Changing practice in dementia care in the community : developing and testing evidence-based interventions, from timely diagnosis to end of life (EVIDEM)
Iliffe , Steve
Manthorpe , Jill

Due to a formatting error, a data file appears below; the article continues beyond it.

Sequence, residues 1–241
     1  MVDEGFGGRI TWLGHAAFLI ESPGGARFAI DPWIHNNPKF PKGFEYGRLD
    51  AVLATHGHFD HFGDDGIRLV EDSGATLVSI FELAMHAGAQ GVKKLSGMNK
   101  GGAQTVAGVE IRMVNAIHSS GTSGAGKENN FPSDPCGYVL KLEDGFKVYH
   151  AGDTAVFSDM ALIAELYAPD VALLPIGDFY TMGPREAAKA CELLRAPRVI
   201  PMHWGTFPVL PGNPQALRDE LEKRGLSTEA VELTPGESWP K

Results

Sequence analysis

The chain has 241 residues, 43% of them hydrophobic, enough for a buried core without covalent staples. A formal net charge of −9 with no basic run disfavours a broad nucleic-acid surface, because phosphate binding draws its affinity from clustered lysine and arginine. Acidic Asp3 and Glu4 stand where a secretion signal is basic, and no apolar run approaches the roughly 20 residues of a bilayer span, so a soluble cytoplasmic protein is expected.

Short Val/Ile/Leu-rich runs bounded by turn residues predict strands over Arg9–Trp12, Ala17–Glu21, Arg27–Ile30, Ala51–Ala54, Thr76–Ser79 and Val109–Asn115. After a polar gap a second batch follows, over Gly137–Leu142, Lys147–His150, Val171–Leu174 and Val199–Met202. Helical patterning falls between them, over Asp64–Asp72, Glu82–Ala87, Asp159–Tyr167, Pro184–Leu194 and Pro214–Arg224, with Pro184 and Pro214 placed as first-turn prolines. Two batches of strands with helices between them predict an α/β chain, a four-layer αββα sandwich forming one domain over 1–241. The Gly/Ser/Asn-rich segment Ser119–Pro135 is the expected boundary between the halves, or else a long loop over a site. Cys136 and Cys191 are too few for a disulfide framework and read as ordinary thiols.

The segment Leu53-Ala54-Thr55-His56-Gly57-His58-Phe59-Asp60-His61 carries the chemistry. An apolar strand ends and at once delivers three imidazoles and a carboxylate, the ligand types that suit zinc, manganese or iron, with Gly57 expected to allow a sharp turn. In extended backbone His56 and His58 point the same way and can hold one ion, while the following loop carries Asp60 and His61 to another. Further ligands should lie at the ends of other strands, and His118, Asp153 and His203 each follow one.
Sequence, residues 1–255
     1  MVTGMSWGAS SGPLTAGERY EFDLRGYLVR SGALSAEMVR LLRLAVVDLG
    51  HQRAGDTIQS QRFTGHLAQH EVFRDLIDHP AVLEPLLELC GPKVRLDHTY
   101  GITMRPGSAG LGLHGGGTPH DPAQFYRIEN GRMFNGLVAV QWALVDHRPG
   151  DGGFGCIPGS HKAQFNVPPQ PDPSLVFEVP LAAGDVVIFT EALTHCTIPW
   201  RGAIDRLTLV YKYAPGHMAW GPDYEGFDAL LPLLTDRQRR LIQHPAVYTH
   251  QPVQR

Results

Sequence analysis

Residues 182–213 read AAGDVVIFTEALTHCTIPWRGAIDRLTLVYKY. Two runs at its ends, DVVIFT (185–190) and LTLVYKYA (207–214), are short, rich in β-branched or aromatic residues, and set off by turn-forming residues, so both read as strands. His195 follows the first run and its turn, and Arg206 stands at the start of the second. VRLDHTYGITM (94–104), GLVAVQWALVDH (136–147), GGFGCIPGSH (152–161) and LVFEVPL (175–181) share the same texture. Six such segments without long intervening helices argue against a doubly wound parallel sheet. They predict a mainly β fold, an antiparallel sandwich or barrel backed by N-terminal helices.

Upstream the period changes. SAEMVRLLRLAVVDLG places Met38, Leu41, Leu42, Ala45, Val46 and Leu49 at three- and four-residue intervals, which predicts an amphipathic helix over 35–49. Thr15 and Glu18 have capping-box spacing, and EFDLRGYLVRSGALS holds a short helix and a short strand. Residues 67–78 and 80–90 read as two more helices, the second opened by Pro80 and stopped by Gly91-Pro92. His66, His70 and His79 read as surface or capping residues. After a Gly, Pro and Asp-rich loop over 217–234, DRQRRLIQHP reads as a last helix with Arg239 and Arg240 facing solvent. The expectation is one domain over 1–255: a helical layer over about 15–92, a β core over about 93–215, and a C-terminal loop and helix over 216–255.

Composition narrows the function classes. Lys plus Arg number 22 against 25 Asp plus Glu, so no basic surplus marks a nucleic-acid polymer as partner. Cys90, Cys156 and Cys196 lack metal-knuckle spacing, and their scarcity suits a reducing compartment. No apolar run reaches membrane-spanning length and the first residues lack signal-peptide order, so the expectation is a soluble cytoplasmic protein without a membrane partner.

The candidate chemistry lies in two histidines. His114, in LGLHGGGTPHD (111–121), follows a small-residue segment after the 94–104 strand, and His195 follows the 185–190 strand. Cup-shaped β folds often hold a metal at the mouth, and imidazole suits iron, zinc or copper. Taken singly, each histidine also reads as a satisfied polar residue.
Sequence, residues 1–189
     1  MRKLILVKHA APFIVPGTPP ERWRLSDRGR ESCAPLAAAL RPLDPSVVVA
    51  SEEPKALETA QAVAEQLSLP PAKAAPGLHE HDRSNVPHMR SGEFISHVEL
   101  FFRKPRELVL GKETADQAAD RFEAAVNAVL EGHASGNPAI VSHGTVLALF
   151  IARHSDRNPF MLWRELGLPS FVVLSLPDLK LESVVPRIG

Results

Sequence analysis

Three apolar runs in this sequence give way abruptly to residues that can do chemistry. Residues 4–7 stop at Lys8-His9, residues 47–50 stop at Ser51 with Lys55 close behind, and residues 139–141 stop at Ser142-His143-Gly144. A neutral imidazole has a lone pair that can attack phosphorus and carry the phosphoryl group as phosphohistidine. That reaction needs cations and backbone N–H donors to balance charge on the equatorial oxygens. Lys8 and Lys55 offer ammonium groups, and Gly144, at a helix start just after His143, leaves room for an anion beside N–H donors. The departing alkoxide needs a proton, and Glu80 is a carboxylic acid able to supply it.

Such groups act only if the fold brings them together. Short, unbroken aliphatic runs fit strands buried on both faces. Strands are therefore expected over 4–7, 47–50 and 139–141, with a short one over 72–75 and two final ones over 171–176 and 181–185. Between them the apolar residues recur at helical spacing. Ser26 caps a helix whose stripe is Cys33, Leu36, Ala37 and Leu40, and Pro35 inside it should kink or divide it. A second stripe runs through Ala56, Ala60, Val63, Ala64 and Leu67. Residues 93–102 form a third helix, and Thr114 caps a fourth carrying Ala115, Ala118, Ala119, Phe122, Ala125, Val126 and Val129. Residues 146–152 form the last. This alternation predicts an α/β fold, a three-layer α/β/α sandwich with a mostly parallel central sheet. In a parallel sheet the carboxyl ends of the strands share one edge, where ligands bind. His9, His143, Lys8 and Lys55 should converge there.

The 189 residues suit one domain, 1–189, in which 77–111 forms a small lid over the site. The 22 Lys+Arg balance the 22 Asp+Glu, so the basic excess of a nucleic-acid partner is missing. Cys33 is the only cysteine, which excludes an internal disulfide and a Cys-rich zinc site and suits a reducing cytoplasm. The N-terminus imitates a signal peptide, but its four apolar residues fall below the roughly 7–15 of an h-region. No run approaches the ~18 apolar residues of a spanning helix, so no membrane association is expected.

Background: The needs of people with dementia and their carers are inadequately addressed at all key points in the illness trajectory, from diagnosis through to end-of-life care. The EVIDEM (Evidence-based Interventions in Dementia) research and development programme (2007–12) was designed to help change this situation within real-life settings. Objectives: The EVIDEM projects were (1) evaluation of an educational package designed to enhance general practitioners’ (GPs’) diagnostic and management skills; (2) evaluation of exercise as therapy for behavioural and psychological symptoms of dementia (BPSD); (3) development of a toolkit for managing incontinence in people with dementia living at home; (4) development of a toolkit for palliative care for people with dementia; and (5) development of practice guidance on the use of the Mental Capacity Act (MCA) 2005. Design: Mixed quantitative and qualitative methods from case studies to large database analyses, including longitudinal surveys, randomised controlled trials and research register development, with patient and public involvement built into all projects. Setting: General practices, community services, third-sector organisations and care homes in the area of the North Thames Dementia and Neurodegenerative Diseases Research Network local research network. Participants: People with dementia, their family and professional carers, GPs and community mental health team members, staff in local authority social services and third-sector bodies, and care home staff. Main outcome measures: Dementia management reviews and case identification in general practice; changes in behavioural and psychological symptoms measured with the Neuropsychiatric Inventory (NPI); extent and impact of incontinence in community-dwelling people with dementia; mapping of pathways to death of people with dementia in care homes, and testing of a model of collaborative working between primary care and care homes; and understandings of the MCA 2005 among practitioners working with people with dementia. Results: An educational intervention in general practice did not alter management or case identification. Exercise as a therapy for BPSD did not reduce NPI scores significantly, but had a significant positive effect on carer burden. Incontinence is twice as common in community-dwelling people with dementia than their peers, and is a hidden taboo within a stigma. Distinct trajectories of dying were identified (anticipated, unexpected and uncertain), and collaboration between NHS primary care and care homes was improved, with cost savings. The MCA 2005 legislation provided a useful working framework for practitioners working with people with dementia. Conclusions: A tailored educational intervention for general practice does not change practice, even when incentives, policy pressure and consumer demand create a favourable environment for change; exercise has potential as a therapy for BPSD and deserves further investigation; incontinence is a common but unrecognised problem for people with dementia in the community; changes in relationships between care homes and general practice can be achieved, with benefits for people with dementia at the end of life and for the UK NHS; application of the MCA 2005 will continue to improve but educational reinforcements will help this. Increased research capacity in dementia in the community was achieved. This study suggests that further work is required to enhance clinical practice around dementia in general practice; investigate the apparent beneficial effect of physical activity on BPSD and carer well-being; develop case-finding methods for incontinence in people with dementia; optimise working relationships between NHS staff and care homes; and reinforce practitioner understanding of the MCA 2005.